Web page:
Don’t make the mistake of buying bad property

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DON'T MAKE THE MISTAKE OF BUYING BAD PROPERTY

I love to look at property and explore the possibilities of what can be done with a home or lot or even acreage. Its exciting, and I have the habit of quickly falling in love with something. Its important to take a step back and look at it objectively.

People fall into the trap of bad property all the time. Searching for that perfect piece is a daunting task and takes some time. You might visit and search for 100’s of listings to find one that works for your needs.

Once you think you have found that ground that you want to set your roots in there are several elements that you need to investigate.

The first is you need to explore whether there are any deed restrictions on the property. During closing you will often perform a title search. This just makes sure that the property can be sold to you, it might not pick up any red flags regarding restrictions on the deed.

These restrictions determine how the property can be used. They can be anything from restricting the number of rooms you can add to the house to the size and materials that can be used. The style and even paint color. Whether you can have pets, can you rent your home if you had to.

Once you look into the possible restrictions on the property now we can explore the site itself. How is the topography? If you are building a house will you have adequate ways of keeping water away from your home. Are you in a low spot in the neighborhood. The last house I owned was in a neighborhood with 50’s style houses. They were small single level ranch style homes, but the neighborhood was transitioning. Homes were being torn down to build larger 2 story homes with basements. The lots were relatively flat so working in basments were hard. What the builders were doing was they would build up the site dramatically so they could fit a basement in and still stay under the 35’ height restriction of the neighborhood. What this did was, it altered the water flow and eventually lead to a river running through our yard. There were several occasions when our yard flooded. Our house never got wet but it came pretty close and it did some damage to the landscaping. But my point to the story is don’t just look at your lot in isolation. Think about it in the context of the overall neighborhood. How will your neighbors impact you.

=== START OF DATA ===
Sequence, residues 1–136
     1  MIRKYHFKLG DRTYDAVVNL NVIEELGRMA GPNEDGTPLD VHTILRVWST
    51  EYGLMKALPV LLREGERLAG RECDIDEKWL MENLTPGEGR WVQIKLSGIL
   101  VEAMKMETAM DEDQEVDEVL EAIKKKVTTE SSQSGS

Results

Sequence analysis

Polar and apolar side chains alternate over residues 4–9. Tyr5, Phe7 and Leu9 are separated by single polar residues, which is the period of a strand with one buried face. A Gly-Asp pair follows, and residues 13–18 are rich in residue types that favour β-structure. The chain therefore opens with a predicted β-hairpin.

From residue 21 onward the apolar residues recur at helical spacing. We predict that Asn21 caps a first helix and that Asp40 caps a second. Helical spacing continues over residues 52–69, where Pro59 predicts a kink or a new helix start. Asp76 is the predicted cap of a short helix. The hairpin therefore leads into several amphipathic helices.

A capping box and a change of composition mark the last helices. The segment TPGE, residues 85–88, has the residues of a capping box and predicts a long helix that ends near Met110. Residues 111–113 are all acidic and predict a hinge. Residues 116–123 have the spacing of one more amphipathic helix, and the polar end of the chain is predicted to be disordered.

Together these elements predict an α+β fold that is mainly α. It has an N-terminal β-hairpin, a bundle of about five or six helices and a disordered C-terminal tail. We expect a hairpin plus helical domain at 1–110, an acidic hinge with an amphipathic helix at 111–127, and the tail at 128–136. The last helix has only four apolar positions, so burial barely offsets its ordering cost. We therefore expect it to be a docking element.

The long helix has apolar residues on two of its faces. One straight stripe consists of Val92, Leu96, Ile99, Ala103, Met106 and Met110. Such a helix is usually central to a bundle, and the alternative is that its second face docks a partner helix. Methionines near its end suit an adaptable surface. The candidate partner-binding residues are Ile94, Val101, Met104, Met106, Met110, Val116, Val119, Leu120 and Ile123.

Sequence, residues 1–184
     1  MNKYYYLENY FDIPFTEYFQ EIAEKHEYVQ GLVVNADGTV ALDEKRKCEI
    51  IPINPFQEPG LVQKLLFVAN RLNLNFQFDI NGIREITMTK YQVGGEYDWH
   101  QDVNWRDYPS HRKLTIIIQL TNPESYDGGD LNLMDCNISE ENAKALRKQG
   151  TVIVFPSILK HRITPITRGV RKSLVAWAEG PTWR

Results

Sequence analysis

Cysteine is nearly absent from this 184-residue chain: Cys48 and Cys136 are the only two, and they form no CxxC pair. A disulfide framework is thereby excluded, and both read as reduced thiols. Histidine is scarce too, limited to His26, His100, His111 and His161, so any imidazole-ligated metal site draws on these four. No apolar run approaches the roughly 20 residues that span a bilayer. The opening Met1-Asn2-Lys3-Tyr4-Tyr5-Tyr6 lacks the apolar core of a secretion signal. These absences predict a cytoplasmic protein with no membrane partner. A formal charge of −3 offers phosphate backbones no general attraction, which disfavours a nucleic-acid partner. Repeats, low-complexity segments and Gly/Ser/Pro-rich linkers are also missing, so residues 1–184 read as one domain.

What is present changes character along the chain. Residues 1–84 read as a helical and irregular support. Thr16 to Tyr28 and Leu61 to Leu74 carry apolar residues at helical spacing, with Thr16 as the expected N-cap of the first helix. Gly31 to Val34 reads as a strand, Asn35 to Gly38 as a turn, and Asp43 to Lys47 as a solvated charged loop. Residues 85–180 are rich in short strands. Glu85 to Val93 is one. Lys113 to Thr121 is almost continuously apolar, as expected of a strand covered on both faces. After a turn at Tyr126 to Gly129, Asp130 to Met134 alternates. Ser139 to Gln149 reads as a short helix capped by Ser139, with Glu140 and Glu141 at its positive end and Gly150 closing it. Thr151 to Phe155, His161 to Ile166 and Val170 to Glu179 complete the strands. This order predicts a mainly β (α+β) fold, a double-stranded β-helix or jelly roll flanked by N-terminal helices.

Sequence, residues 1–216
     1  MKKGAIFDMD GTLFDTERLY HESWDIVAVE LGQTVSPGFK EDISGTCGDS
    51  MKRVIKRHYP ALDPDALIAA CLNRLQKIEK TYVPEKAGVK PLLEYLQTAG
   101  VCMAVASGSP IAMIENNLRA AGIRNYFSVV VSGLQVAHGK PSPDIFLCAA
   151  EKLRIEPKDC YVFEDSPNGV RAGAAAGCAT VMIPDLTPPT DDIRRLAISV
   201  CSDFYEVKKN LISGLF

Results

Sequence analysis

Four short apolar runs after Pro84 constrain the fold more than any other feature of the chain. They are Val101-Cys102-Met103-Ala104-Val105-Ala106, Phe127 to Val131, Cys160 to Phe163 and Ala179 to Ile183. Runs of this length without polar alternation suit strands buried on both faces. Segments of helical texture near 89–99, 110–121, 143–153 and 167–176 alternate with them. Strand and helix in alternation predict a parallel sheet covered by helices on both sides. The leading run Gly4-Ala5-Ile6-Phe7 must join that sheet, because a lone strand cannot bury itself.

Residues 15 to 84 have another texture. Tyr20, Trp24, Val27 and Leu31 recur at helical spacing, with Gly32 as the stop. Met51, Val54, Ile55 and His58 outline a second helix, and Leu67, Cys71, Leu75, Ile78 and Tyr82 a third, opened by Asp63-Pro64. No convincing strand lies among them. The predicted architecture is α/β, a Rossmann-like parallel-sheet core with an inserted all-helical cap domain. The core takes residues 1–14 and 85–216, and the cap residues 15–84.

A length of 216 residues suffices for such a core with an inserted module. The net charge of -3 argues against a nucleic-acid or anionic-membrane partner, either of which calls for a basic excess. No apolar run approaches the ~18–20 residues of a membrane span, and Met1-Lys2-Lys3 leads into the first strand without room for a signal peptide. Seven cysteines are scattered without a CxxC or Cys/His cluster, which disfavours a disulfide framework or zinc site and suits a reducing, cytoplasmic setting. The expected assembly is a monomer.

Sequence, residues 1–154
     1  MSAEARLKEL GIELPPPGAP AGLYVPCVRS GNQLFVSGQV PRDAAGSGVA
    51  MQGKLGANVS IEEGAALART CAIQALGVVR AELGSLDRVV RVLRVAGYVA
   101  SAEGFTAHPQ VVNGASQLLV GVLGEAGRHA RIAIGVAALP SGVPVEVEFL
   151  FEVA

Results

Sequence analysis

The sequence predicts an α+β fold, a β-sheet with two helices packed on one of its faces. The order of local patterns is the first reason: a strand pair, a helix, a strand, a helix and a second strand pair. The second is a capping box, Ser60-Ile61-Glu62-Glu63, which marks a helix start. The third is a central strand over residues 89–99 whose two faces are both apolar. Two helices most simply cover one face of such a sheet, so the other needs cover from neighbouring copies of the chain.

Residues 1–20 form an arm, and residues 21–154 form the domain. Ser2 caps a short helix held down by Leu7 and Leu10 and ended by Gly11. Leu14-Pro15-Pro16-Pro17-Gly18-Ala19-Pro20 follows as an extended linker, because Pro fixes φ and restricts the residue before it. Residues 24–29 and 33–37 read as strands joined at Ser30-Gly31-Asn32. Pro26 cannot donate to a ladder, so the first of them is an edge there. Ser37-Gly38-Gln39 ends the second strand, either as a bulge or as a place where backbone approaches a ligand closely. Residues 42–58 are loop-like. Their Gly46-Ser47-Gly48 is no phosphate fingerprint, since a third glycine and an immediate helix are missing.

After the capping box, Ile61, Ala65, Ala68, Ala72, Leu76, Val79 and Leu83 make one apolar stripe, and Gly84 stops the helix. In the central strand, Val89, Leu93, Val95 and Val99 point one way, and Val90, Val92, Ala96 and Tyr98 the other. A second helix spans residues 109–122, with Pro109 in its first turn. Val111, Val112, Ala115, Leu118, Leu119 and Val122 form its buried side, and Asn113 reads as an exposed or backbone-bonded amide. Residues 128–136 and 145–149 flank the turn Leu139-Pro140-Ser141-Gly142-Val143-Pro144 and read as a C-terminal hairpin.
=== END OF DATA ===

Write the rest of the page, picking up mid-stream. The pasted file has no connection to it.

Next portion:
In addition to look at topography, research to see if the house is in a flood zone. What is the property zoning? Are there any zoning restrictions. What are the building setbacks? If you are planning on adding a second story to the home after you buy it, is the house currently within the setback? Is the house restricted to a certain height?

In a lot of neighborhoods houses were built many years ago. To control the building and maintain some consistency the government started creating zoning districts. They created blanketed rules on setbacks, lot coverage etc. Your house could have been built before all those rules so you could be in violation when you go to change something. So if you go to add on to a house that is over the setback line your project will be halted in the zoning department and you will have to begin the fairly long process of asking for a variance.

Another thing to think about is does your lot have any easements. Are there any power, gas or sewer lines that run through the property. I have worked on many projects that have easements on the property. You would be surprised at how often utilities are running directly through someone else's property.

If you are buying in a rural area or an abandoned neighborhood development. Something you saw a lot during the recession. Are utilities available? How much will it cost to get utilities to where you want them? Will you need to build or dig a well? Is there rock below the surface that will make that difficult?

Will you have city sewer available or will you have to build septic? Interesting story about doing some extra exploring. Agent listing are not always correct so you will need to verify the things that you feel are important to you. I know a couple that purchased a home. The listing said the home was on county or city sewer. The house was located on a major road and everything would indicate that the house was on city services. Well, the back yard started to sink in one area and a hole eventually caved in revealing their septic system. Obviously the system was so old and damaged that it had to be replace entirely. That was not an expense they were planning for and they would have worked in that to the purchase of the home if they would have known.

Do you want a gas range or fireplace? Is gas available, because if not you might be looking at a propane tank.

My point is that just because it looks like services are available does not mean they are. Call the local suppliers and verify the cost and availability to your property.

Another important thing I look for when searching for property is cell service. Stand on the property and look at your cell phone. Do you have good service? My last house was near a small airport, so I think the towers were limited. It was very difficult to get cell service and most everything is going in the mobile direction now. We don't even have a home phone.

The last thing I wanted to say is

“Building a house and buying property is exciting. When you find that perfect lot after searching and searching, you will feel like it could slip away at any moment. You have to act now. Take a step back and really look at the property critically. Understand its limitations and its advantages. Make an informed decision.”

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